Would you like to fix the academic gaps between lower income students and middle class students in reading and math? The best way to do this is to develop strategies to avoid the “summer slump”.
Students have not always attended school 180 to 190 days. Juliet Lapidos investigated the history of the school calendar in 2007. The current calendar of school days began in the early 1900s. Prior to that, cities had long school years (Chicago – 240 days, Detroit – 260 days, etc.) and rural areas had shorter school years (5-6 months). In rural areas the calendar allowed time for planting, cultivating and harvesting. Then, in the early 1900s, cities and rural areas compromised and adopted calendars similar to those of today (180-190 days).
Numerous studies have explored the summer slide, summer setback and summer slump. No matter what the name is – the result is the same….loss of academic skills over the summer break. Secretary of Education, Arne Duncan has described summer learning loss as “devastating”. Cooper’s study states that school summer breaks will cause the average student to lose up to one month of instruction, with disadvantaged students being disproportionately affected (Cooper, 1996).
In one of the most striking studies, Alexander et al. (2007) found that all students, those from disadvantaged homes and those who were not disadvantaged, made similar achievement gains during the school year. However, the disadvantaged students fell significantly behind in reading during the summer. Most researchers cite the fact that disadvantaged students do not have access to books during the summer months as a primary reason for the gap.
Perhaps the most devastating news of all is that the damage for the disadvantaged students is cumulative! Alexander and Entwisle from Johns Hopkins University (2007) found that by the end of 5th grade, disadvantaged children had fallen more than two years behind non-disadvantaged students in reading and one and one-half years behind them in mathematics. Gaps of this magnitude can be insurmountable to disadvantaged students and their teachers.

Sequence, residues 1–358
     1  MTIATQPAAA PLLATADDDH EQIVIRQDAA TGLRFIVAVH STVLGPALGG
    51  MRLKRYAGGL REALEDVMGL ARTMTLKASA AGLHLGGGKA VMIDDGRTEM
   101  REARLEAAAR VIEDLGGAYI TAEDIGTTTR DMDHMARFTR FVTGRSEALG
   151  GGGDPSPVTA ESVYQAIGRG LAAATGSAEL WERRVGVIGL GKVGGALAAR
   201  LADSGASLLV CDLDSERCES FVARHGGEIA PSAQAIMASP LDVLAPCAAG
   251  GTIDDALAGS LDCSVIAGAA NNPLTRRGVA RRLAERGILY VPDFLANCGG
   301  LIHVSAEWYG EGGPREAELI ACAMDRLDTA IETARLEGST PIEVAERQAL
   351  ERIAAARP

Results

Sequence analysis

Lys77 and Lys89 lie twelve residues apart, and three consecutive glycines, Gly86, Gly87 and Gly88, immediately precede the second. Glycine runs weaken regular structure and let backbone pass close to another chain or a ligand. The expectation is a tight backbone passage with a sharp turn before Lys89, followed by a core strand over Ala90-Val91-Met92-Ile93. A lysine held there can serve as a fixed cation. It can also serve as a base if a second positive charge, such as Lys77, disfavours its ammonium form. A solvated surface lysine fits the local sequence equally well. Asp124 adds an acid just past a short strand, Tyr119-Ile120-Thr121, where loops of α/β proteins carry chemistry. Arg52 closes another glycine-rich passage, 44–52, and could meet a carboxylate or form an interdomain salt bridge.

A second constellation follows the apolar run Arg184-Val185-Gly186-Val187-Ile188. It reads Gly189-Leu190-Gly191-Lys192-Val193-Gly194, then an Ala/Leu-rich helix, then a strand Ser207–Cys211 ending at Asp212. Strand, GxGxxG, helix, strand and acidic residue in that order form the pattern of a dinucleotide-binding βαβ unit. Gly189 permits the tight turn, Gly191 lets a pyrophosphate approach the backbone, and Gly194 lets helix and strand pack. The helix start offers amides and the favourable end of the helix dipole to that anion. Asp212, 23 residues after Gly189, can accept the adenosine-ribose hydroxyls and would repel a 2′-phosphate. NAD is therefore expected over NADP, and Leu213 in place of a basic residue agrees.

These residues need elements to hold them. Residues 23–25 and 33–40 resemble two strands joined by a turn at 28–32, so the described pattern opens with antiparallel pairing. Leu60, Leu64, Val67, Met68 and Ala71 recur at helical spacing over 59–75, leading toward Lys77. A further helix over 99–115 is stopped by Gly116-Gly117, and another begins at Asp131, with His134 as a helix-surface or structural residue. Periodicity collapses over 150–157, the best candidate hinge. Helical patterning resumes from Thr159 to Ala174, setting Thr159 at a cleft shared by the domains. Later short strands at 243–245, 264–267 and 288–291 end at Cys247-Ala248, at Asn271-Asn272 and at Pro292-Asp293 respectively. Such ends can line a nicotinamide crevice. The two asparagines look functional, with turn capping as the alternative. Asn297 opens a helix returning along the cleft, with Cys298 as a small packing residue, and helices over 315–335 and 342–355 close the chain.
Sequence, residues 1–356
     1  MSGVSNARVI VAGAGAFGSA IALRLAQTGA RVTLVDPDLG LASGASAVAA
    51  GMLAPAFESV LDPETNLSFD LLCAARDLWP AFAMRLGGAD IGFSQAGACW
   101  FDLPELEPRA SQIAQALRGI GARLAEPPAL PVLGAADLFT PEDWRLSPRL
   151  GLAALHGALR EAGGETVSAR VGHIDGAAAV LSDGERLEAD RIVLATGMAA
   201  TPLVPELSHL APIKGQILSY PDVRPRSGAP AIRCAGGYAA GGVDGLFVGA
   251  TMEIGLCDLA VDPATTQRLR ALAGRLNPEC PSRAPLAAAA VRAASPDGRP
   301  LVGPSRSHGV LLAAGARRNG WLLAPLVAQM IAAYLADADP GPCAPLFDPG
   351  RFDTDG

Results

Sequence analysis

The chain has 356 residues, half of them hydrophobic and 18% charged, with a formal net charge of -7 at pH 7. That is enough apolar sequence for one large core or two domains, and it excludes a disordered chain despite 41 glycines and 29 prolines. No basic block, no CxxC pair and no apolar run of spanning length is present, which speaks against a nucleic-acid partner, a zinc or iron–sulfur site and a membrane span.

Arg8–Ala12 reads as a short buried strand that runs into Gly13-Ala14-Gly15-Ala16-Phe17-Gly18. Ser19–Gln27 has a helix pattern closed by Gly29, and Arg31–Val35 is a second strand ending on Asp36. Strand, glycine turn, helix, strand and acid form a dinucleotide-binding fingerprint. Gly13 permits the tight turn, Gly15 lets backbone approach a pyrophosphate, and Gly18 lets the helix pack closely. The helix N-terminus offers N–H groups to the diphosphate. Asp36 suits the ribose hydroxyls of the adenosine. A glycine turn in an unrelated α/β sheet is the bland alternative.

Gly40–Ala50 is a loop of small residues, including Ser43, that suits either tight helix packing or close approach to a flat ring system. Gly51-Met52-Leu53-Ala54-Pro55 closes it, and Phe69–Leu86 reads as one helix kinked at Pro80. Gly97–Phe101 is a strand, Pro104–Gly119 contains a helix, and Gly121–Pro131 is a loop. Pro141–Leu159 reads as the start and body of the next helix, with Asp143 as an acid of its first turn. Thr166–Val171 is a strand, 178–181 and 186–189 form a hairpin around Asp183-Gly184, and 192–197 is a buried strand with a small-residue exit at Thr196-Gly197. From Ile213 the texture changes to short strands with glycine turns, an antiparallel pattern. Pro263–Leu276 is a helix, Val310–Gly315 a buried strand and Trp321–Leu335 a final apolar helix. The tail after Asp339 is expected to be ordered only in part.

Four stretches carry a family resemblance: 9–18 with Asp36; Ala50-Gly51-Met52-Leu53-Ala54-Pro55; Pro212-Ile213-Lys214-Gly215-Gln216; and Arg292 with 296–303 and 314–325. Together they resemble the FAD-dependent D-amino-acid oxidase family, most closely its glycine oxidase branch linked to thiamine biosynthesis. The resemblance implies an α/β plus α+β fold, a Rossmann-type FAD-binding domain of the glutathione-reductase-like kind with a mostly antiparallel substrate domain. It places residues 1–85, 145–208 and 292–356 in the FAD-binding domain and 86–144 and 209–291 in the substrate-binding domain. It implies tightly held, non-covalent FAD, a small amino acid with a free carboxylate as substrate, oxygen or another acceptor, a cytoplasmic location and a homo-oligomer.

As a former teacher and school administrator, this is a very difficult situation with which to come to terms. Disadvantaged students who do not have access to books during the summer are unable to keep pace with their non-disadvantaged counterparts and begin to fall further and further behind. Educators watch as the gap occurs, becomes cumulative, student frustration begins and builds and finally the student loses interest in their own learning.
Reading is not the only subject affected by the summer slump. All students lose grade-level math skills during the summer if they do not participate in educational activities. (Cooper, 1996) In fact, some research shows that losses in mathematics are greater than those in reading. In many schools teachers spend anywhere from one month to two months reviewing and re-teaching material from the previous year.
How can we as educators, work to combat this summer thief that robs so many disadvantaged students of their ability to compete with their non-disadvantaged counterparts?
In reading, students need to read, read, read! netTrekker and icurio have a wide variety of ebooks available to students, searchable by the keyword “ebook”. If students are close to a public library, that is also an option to access books. Teachers can end the school year by holding a book talk – sharing information about various books to gain student interest in reading.
In mathematics, summer provides a multitude of opportunities for students to practice their skills. It’s important to keep the practice fun. The 2012 Summer Olympics offers a chance for students to be involved in the medal count, times of the athletes and possible world records. Students can monitor, predict and project mathematical information for their favorite baseball team during the summer. netTrekker and icurio have over 300 resources from NCTM Illuminations and additional resources from Texas Instruments.
Educators need to plan fun summer activities and work with parents to ensure that they are carried out. Summer suggested activities, summer reading lists, etc. are all important to reducing the gap that the school calendar creates. Our students are counting on us!
Alexander K., Entwistle D., and Olsen, L. (2007). Lasting Consequences of the Summer Learning Gap. American Sociological Review, no. 72, 167-180.
Cooper H., Nye B., Linsey J., et al. (1996). The Effects of Summer Vacation on Achievement Test Scores: A Narrative and Meta-Analytic Review. Review of Educational Research, no. 66, 227-268.
Lapidos, J (2007). Do Kids Need a Summer Vacation?, retrieved from: www.slate.com